Studies of social behavior in bacteria have begun to clearly shape how microbiologists perceive microbial communities. The relationship between QS and biofilm formation has the potential to shape these communities. Closely related species seemingly employ QS for very different purposes during biofilm development.

Many environments are colonized by biofilms consisting of multiple species. In this context, the likelihood of interspecies interactions in the form of QS signaling may be high. Cooperative QS signaling has been demonstrated in several multispecies biofilm systems (McNab et al. 2003; Burm0lle et al. 2006). In some cases, QS appears to be utilized by microbes to compete with one another. Biofilms probably represent a common relevant context for these types of interactions.

Microbial biofilms have strong relevance to chronic bacterial infections (Parsek and Singh 2003; Hall-Stoodley et al. 2004). Since biofilm formation for many organisms are QS-mediated, therapeutic strategies targeting QS systems are attracting attention in the drug development fields. Microbes have long utilized various anti-QS strategies for competition against other species (Zhang and Dong 2004). Understanding these molecular mechanisms may be fruitful in developing therapeutic strategies against pathogenic species. Already, some quorum-quenching chemical compounds have demonstrated success in inhibiting microbial biofilms (Dong and Zhang 2005). Unlike modern antibiotics, QS-directed therapies are not designed to cause bactericidal or bacteriostatic effects, and thus, emergence of resistance may be less problematic. Anti-QS measures have been demonstrated to be effective for plant infections. Heterologously expressed AHL-lactonase rendered tobacco and potato plants significantly more resistant to Erwinia caro-tovora (Dong et al. 2001).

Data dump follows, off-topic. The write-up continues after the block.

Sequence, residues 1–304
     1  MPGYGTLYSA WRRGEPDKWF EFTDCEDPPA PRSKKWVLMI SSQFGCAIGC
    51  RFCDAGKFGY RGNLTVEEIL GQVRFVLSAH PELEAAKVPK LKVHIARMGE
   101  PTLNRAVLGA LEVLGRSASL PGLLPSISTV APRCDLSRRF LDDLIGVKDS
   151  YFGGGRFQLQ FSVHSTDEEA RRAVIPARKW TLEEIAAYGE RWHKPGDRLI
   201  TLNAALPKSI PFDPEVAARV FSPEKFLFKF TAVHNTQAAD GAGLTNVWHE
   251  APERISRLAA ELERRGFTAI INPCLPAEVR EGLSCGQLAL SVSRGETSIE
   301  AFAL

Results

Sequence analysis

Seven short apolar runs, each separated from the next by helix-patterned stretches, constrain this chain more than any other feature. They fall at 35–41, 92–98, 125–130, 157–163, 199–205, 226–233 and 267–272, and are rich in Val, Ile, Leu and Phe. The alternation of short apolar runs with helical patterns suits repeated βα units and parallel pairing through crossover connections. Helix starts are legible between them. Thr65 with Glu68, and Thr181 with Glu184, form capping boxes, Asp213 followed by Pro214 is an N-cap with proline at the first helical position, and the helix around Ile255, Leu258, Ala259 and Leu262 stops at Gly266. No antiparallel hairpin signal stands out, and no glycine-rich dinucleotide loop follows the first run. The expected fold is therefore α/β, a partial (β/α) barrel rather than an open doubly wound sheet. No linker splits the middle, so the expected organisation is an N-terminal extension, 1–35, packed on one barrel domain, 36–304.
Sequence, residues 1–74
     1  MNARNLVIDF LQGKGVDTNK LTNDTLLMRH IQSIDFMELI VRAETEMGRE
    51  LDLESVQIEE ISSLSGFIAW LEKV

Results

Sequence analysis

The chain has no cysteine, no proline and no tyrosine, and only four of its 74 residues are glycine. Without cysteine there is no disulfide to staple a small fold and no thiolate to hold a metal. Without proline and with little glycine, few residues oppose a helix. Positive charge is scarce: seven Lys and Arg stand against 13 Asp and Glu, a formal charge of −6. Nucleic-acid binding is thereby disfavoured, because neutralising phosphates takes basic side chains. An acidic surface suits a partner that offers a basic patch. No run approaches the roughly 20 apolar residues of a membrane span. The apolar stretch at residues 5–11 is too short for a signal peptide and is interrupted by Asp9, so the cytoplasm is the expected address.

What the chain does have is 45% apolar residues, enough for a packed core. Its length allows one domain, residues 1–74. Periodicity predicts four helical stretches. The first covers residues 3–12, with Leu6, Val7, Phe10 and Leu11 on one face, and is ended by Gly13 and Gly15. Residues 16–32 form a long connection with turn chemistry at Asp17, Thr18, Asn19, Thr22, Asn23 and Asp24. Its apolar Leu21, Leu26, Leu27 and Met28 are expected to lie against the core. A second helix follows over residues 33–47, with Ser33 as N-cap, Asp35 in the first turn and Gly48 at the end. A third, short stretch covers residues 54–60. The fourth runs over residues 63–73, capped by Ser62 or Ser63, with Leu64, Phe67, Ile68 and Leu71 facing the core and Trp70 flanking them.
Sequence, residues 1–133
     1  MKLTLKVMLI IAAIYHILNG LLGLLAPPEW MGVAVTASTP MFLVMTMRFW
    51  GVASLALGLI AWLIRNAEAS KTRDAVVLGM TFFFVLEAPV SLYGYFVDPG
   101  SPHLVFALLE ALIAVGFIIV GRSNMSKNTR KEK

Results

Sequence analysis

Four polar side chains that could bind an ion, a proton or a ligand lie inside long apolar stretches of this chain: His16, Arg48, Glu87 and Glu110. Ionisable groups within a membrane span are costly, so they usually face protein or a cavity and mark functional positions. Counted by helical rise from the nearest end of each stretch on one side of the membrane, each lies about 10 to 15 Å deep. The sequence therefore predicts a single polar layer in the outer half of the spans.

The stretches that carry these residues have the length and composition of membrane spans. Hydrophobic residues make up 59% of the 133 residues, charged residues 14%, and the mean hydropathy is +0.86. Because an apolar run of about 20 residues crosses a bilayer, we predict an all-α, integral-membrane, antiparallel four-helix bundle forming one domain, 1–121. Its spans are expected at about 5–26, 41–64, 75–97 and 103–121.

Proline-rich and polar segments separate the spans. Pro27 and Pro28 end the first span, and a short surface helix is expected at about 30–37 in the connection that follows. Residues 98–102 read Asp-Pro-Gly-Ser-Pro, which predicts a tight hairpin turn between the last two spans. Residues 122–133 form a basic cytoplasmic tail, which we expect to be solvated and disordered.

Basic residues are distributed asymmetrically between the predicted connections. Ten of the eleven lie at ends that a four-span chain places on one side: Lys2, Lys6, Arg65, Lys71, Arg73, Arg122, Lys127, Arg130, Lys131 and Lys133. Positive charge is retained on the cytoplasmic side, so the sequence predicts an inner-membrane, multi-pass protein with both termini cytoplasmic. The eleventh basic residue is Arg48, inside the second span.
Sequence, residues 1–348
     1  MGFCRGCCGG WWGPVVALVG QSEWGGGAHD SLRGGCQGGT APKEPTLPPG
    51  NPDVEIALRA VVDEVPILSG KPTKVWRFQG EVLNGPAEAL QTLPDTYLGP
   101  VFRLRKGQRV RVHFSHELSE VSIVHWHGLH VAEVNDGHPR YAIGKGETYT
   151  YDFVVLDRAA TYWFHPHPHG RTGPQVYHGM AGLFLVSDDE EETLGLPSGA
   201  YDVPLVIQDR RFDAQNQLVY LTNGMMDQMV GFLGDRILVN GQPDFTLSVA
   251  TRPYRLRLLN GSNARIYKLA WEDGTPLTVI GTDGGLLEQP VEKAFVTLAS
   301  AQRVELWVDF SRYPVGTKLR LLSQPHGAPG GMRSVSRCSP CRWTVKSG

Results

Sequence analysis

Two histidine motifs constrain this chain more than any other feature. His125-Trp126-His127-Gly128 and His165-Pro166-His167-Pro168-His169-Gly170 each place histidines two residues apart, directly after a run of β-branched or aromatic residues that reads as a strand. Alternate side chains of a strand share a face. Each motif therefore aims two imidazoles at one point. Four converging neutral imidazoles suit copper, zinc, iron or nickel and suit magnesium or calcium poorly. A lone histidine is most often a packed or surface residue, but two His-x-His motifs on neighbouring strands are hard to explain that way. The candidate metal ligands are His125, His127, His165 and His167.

As the studies of microbial communities continues, understanding how different species percieve and respond to one another will be crucial to understanding community composition and function. The most relevant context for such studies may be microbial biofilm.

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